Research – Antibacterial Effect of Essential Oils against Spoilage Bacteria from Vacuum-Packed Cooked Cured Sausages

Journal of Food Protection

Nonfermented sausages, which have a pH of around 6.0, a low salt concentration, and high moisture with a water activity higher than 0.95, are highly perishable. In this study, culture-dependent techniques and 16S rDNA approaches were used to identify the presumptive spoilage lactic acid bacteria (LAB) in sliced vacuum-packed cooked sausage during storage at 4°C. The antibacterial properties of essential oils (EOs) from the medicinal plants Carum carvi, Cinnamomum zeylanicum, Curcuma longa, Citrus medica, and Eugenia caryophyllata against isolated LAB were also investigated. A total of 106 colonies were obtained on de Man Rogosa Sharpe medium after storage of sausages samples, and 16 isolates were identified from conventional morphological analysis of the bacterial populations. DNA extraction and 16S rDNA analysis indicated that Lactobacillus curvatus, Weissella viridescens, Leuconostoc mesenteroides, Enterococcus faecium, Lactobacillus reuteri, Lactobacillus dextrinicus, Lactobacillus sakei, and Pediococcus dextrinicus were the main spoilage LAB. The antibacterial properties of EOs against isolated LAB were indicated by inhibition zones on culture plates of 7.8 to 31 mm, depending on the susceptibility of the tested LAB strain. The MICs and MBCs of five EOs were determined. The most effective EO against the LAB was C. zeylanicum followed by C. carvi and C. medica, and the least effective EO was C. longa. The EO from C. zeylanicum had the highest antimicrobial activity (lowest MICs) against LAB, with EO MICs of 4.66 to 5.33 μL/mL. The most susceptible isolate was L. mesenteroides, with a MIC of 4.66 μL/mL for the C. zeylanicum EO. These data indicate that the EO from C. zeylanicum could be used as a natural preservative for vacuum-packed emulsion‐type sausage.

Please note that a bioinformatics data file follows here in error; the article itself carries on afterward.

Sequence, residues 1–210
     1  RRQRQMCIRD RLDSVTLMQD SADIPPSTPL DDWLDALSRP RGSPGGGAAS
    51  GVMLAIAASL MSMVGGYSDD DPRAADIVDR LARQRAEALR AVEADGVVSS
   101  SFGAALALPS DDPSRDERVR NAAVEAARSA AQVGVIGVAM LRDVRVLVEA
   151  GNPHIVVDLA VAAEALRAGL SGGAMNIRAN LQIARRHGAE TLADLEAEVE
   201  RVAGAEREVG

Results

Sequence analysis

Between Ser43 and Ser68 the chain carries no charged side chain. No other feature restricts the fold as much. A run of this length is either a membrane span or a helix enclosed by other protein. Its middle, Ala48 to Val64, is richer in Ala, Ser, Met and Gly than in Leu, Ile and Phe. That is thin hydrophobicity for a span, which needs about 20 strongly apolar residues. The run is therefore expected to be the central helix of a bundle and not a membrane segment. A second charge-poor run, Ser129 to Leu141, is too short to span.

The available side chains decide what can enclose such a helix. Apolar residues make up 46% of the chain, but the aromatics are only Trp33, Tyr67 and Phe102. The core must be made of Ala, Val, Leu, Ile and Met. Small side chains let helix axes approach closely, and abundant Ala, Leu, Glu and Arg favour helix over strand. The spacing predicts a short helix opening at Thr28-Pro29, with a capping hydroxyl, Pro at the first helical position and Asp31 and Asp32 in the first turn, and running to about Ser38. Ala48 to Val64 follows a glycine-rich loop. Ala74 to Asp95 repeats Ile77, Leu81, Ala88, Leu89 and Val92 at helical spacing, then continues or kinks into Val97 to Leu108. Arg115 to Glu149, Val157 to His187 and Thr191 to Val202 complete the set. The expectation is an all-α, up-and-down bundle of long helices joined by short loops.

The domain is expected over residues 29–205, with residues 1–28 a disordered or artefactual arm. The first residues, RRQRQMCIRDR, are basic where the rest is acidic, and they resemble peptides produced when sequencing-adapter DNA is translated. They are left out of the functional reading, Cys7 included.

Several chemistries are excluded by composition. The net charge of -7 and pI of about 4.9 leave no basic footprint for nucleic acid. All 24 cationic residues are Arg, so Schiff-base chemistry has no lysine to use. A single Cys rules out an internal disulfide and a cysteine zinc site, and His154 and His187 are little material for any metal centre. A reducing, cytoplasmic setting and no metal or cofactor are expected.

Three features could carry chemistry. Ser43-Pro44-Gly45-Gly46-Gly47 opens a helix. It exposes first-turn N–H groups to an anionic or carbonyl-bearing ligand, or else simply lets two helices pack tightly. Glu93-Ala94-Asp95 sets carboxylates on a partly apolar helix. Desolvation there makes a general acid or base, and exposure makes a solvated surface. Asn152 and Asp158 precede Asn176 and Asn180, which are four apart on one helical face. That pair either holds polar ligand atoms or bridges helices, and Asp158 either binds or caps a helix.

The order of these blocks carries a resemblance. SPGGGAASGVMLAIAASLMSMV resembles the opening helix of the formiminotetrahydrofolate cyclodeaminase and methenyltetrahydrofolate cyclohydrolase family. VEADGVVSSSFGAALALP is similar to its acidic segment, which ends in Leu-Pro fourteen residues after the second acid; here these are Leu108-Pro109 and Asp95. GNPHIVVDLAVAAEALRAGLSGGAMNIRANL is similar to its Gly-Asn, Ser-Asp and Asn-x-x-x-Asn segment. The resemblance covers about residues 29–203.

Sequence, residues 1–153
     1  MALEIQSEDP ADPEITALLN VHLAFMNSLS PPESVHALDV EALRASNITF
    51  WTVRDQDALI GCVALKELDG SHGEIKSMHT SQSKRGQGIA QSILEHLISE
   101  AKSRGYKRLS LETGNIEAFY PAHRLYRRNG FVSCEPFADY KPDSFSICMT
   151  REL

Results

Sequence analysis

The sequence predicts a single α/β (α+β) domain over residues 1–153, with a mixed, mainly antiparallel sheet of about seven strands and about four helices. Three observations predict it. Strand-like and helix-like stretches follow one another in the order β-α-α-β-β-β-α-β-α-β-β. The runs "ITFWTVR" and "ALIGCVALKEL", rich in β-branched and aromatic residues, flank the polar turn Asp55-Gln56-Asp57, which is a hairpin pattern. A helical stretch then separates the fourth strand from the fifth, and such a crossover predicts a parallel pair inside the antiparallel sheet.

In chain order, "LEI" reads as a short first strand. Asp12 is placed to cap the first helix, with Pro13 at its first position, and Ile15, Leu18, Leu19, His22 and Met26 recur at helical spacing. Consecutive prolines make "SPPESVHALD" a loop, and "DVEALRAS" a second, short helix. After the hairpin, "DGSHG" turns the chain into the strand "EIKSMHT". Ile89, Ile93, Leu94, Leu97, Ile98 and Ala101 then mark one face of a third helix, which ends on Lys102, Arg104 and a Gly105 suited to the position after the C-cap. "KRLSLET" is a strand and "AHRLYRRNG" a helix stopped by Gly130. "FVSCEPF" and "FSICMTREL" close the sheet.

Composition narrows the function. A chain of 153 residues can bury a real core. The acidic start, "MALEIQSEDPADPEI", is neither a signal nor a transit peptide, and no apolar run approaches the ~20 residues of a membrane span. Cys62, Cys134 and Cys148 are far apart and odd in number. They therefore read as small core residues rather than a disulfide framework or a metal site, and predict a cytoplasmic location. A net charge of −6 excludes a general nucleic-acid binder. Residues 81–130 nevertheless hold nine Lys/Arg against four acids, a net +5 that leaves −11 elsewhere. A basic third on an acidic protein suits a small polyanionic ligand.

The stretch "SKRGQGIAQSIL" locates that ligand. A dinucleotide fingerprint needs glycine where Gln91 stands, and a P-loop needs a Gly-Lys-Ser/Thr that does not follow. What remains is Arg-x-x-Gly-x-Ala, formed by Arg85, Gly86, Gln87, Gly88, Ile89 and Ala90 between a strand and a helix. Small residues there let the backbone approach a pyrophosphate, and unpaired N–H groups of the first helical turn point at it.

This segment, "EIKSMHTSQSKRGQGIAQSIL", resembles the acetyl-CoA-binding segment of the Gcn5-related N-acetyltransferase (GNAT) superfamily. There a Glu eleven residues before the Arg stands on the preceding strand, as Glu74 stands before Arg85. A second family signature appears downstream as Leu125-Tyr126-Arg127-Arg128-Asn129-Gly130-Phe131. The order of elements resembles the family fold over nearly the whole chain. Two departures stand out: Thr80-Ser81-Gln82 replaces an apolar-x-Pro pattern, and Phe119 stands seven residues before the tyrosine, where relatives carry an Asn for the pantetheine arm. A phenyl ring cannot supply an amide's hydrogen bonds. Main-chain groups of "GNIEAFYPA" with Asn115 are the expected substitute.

Research – Crowdsourcing friendly bacteria helps superbug cause infection

Science Daily Staphylococcus

Antimicrobial resistant pathogens crowdsource friendly bacteria to survive in immune cells and cause disease, a new study by the University of Sheffield has revealed.


Scientists have discovered the human pathogen Staphylococcus aureus (S.aureus), uses benign bacteria present in the skin to initiate infection.

Known commonly as its infamous antimicrobial resistant form MRSA (meticillin-resistant Staphylococcus aureus), the ground-breaking research discovered that by using the other bacteria present on the skin, the pathogen can survive the mechanisms our immune system deploys to destroy it.

The findings, published today (16 July 2018) in Nature Microbiology, give scientists a new insight into the mechanisms of the so-called superbug, which is hard to treat due to its resistance to several widely used antibiotics.